Every four years, athletes from all around the country train in hopes of securing a spot to represent Team USA in the Olympics. Although the start of the Tokyo Olympic Games are quickly approaching, Sha’Carri Richardson, an American track and field sprinter who competes in both the 100-meter and 200-meter races, was not on the Olympic roster released on Tuesday by USA Track and Field. Richardson was expected to compete, however her positive test for marijuana has cost her the chance of running on the relay team and in the 100-meter individual race.
All athletes who intend to compete in the Olympic Games are required to take a drug test before qualifying and competing in the Olympics. Unfortunately for Richardson, she tested positive for marijuana.
In an interview with NBC on Friday, Richardson blamed the positive test on her use of marijuana as a way to cope with the unexpected death of her biological mother while she was in Oregon for the Olympic trials.
Outrage quickly erupted across all social media platforms regarding Richardson’s inability to compete. In addition, many were frustrated that she was being punished simply because of the fact that marijuana is legal in the state Richardson tested positive in.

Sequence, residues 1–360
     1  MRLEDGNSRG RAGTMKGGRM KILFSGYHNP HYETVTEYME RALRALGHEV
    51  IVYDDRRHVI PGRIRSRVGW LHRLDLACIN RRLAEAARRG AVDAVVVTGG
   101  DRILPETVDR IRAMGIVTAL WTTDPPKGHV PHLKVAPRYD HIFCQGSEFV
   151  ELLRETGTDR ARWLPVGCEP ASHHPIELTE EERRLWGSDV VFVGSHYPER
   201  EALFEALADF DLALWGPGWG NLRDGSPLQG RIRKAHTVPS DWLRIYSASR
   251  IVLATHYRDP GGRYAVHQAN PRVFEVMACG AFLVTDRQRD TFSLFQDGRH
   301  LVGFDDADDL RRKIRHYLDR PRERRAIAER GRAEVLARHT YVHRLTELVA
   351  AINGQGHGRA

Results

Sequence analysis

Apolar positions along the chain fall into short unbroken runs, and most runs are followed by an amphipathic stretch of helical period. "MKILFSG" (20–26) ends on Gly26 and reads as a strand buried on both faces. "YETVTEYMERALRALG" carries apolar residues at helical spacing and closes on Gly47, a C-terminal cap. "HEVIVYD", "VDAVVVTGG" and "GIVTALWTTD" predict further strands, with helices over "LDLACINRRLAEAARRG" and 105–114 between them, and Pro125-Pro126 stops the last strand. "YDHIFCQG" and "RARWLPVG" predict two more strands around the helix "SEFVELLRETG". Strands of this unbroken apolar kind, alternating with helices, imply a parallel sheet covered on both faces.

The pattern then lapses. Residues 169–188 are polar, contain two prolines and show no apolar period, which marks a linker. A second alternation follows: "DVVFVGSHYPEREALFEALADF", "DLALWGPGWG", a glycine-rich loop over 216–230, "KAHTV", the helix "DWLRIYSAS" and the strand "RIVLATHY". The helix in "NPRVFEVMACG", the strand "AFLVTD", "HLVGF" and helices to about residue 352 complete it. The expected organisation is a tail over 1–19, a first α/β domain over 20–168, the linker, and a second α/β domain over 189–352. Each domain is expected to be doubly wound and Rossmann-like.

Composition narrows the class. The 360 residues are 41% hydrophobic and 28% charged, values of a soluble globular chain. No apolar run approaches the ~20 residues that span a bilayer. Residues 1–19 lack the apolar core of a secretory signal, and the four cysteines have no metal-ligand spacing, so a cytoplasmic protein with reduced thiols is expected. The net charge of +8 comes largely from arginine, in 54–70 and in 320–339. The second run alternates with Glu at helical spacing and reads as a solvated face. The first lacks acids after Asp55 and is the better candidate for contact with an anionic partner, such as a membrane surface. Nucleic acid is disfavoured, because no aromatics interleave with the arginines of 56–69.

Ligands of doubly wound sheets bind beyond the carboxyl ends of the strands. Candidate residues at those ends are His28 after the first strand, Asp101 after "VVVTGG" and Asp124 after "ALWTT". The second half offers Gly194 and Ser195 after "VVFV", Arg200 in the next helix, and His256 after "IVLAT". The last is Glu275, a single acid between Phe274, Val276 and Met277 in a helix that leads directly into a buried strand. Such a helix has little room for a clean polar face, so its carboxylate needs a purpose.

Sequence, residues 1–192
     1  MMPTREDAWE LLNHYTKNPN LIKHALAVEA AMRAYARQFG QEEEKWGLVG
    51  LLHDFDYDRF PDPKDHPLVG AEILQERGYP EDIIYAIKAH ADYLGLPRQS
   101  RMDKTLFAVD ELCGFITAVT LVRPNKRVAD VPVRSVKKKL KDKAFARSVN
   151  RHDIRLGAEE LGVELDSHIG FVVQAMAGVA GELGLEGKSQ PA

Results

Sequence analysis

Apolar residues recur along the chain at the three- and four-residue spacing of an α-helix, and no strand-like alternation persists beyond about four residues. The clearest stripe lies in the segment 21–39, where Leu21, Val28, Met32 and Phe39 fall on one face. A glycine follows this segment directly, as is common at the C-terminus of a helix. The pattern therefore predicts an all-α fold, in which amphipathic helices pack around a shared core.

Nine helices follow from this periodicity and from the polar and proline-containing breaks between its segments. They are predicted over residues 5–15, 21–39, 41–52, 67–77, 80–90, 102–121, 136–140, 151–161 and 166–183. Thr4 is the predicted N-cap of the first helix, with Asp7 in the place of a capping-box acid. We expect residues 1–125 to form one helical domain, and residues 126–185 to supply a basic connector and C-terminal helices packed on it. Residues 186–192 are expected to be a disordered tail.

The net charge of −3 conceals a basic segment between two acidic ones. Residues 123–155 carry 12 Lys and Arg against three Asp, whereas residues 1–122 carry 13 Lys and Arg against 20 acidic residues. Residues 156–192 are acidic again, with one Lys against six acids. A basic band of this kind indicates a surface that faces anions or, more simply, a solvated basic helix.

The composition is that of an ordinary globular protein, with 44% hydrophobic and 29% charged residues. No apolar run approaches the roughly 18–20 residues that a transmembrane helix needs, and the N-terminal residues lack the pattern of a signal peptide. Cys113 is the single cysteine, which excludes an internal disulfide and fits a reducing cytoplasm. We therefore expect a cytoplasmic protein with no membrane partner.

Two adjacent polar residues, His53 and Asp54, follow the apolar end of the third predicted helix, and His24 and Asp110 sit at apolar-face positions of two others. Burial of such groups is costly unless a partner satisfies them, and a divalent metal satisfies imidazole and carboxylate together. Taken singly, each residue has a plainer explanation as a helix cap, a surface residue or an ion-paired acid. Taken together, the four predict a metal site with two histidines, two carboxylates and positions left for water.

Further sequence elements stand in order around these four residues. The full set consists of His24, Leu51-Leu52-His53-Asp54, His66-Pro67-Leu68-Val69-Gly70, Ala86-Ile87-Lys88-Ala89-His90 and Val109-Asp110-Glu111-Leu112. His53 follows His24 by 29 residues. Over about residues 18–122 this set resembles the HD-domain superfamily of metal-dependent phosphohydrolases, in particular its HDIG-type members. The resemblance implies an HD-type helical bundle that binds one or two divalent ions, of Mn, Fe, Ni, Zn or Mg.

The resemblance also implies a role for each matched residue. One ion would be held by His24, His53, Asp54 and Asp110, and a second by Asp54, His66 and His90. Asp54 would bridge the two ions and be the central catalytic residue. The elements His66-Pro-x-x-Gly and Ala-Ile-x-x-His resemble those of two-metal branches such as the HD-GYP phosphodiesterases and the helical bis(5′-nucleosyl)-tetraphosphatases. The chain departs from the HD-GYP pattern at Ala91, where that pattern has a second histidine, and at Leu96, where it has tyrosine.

Many also argued that marijuana is not a performance enhancing drug. The USADA fought back with a statement saying, “based on current animal and human studies as well as on interviews with athletes and information from the field, cannabis can be performance enhancing for some athletes and sports disciplines.”
According to the USADA, marijuana is a prohibited substance not only because it can enhance performance, but also because it poses as a health risk to athletes and its use violates the spirit of the sport. In addition, the USADA argues that, “athletes who smoke cannabis or spice in-competition potentially endanger themselves and others because of increased risk taking, slower reaction times and poor executive function or decision making.”
Although Richardson is cleared in time to run the 4×100 meter relay, she was not on the roster and therefore will not be competing in the Olympic Games.
In a statement released, USATF said it was “incredibly sympathetic toward Sha’Carri Richardson’s extenuating circumstances” and “fully agrees” that international rules regarding marijuana should be reevaluated.
The statement also read, “so while our heartfelt understanding lies with Sha’Carri, we must also maintain fairness for all of the athletes who attempted to realize their dreams by securing a place on the U.S. Olympic Track & Field Team.”
Richardson was expected to challenge for Olympic Gold.
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